“This new report clearly demonstrates that a smoking ban would have long-term financial implications for the industry and region, placing Atlantic City casinos at a competitive disadvantage with Pennsylvania casinos where smoking is permitted.”
The Spectrum report cited three main reasons that an Atlantic City casino smoking ban has the potential to negatively impact New Jersey casino revenue. They include:
- Defection: The report estimates that smokers account for 26.1% to 31.3% of casino revenue and if smoking is banned, smokers could go where smoking is permitted. There are casino options in eastern Pennsylvania and two tribal casinos in Connecticut.
- Reduced visitation: The percentage of Atlantic City casino visitors who smoke would likely decline to about 13%, which is equivalent to the ratio of smokers in the general adult population in New Jersey and would result in a decline in gambling revenue.
- Decline in playing time: Smokers will need to take breaks from their gambling if a smoking ban is enacted, which may result in less gaming time.
Dealers Support Smoke-free Workplaces 2020
Between March 16, 2020, and July 4, 2021, Atlantic City casinos temporarily banned smoking inside because of COVID-19. The ban lifted when New Jersey rolled back most pandemic restrictions.
Atlantic City casinos allowed cigarette smokers to light up inside on July 4 weekend last year. This came after prohibiting them from doing so for nearly 12 months due to the COVID-19 pandemic.
Gov. Murphy banned smoking as a virus transmission-prevention measure when the casinos reopened in July 2020.
The previous ban expired, but opponents want to make the ban permanent at Atlantic City’s nine casinos.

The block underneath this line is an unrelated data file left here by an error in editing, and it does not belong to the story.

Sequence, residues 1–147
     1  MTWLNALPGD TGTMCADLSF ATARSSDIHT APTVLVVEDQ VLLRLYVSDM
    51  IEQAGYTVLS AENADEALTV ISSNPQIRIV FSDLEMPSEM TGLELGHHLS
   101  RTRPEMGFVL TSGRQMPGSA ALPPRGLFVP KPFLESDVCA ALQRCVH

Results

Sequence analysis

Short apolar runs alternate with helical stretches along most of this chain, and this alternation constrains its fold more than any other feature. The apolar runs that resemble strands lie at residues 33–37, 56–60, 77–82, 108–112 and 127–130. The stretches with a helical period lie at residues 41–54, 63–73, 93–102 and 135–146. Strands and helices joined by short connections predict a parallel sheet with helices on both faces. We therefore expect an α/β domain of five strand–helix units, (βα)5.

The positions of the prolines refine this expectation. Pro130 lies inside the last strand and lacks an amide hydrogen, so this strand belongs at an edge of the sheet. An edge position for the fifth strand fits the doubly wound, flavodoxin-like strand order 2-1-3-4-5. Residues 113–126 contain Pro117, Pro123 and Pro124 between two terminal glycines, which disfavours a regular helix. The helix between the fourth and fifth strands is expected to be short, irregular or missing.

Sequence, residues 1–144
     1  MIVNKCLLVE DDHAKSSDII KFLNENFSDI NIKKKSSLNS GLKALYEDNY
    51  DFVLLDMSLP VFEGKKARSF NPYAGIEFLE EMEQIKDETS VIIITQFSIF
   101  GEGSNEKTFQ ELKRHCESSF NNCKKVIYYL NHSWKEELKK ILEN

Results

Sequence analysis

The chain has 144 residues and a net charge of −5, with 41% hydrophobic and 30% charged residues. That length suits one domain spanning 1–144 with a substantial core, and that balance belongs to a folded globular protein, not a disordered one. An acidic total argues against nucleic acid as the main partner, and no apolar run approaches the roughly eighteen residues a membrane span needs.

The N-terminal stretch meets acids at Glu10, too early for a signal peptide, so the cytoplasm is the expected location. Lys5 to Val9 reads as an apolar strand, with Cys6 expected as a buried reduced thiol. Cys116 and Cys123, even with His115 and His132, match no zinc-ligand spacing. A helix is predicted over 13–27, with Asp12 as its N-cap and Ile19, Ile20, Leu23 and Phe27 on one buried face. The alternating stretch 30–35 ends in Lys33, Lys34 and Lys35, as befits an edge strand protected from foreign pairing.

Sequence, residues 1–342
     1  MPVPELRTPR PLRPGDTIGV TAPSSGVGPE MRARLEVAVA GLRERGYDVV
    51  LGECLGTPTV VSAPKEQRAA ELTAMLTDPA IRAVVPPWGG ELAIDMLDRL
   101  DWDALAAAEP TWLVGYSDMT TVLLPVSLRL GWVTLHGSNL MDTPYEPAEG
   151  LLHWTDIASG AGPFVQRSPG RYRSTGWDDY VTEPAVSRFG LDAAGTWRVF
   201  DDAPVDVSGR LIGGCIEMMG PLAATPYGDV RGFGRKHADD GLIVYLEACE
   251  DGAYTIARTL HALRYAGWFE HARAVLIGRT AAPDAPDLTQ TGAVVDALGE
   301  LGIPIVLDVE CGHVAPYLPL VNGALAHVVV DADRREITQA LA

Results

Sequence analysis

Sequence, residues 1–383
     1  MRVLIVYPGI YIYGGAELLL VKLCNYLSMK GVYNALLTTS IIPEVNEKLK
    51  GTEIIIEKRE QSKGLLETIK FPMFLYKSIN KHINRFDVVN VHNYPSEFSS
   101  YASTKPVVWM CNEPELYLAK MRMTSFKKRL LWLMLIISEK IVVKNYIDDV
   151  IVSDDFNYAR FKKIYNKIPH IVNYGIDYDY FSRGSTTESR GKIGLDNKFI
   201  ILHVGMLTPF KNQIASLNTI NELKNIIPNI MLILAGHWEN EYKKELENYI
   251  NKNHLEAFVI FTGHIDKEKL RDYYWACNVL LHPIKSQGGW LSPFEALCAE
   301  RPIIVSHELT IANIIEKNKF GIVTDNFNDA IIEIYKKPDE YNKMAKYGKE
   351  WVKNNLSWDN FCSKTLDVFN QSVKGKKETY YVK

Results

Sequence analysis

Advocates, Dealers Want Casino Smoking Ban
By the end of the 2021 summer, anti-smoking advocates who wanted to change AC casinos did something. They took their case to the industry’s largest annual gathering in Las Vegas.
In Oct. 2021, Americans for Nonsmokers’ Rights (ANR) held a press conference during Global Gaming Expo (G2E) at The Venetian Expo to speak out against indoor smoking at casinos. Atlantic City table games dealers behind the Facebook group Casino Employees Against Smoking Effects (CEASE) voiced opposition, too.
At the time, groups said the ongoing coronavirus pandemic in 2021 made the issue even more pressing.
Smoking ban equals lost business, Atlantic City casinos say
Atlantic City casinos contend that indoor smoking, permitted on 25% of the gaming floor, is a necessary element of business in a highly competitive region.
“Going completely non-smoking would place Atlantic City casinos at a competitive disadvantage with other nearby casinos that allow smoking,” the Casino Association of New Jersey said in a statement. “A smoking ban would have a significant adverse effect on Atlantic City, resulting in a decline in customers which would cause job loss, and ultimately a decline in tax revenue.”
Will Trenton Make Atlantic City Casinos Smoke-free?
Some NJ legislators want to remove the loophole in the state law which allows AC casinos to permit indoor smoking. None of the bill’s current sponsors represent districts in southern New Jersey.
Murphy, a Democrat who won re-election in 2021, supports banning smoking inside Atlantic City casinos.
“You should assume that I will sign it,” Murphy said about the casino smoking bill while a candidate for re-election.
Atlantic City’s governing body supports the state Senate’s casino smoking ban bill.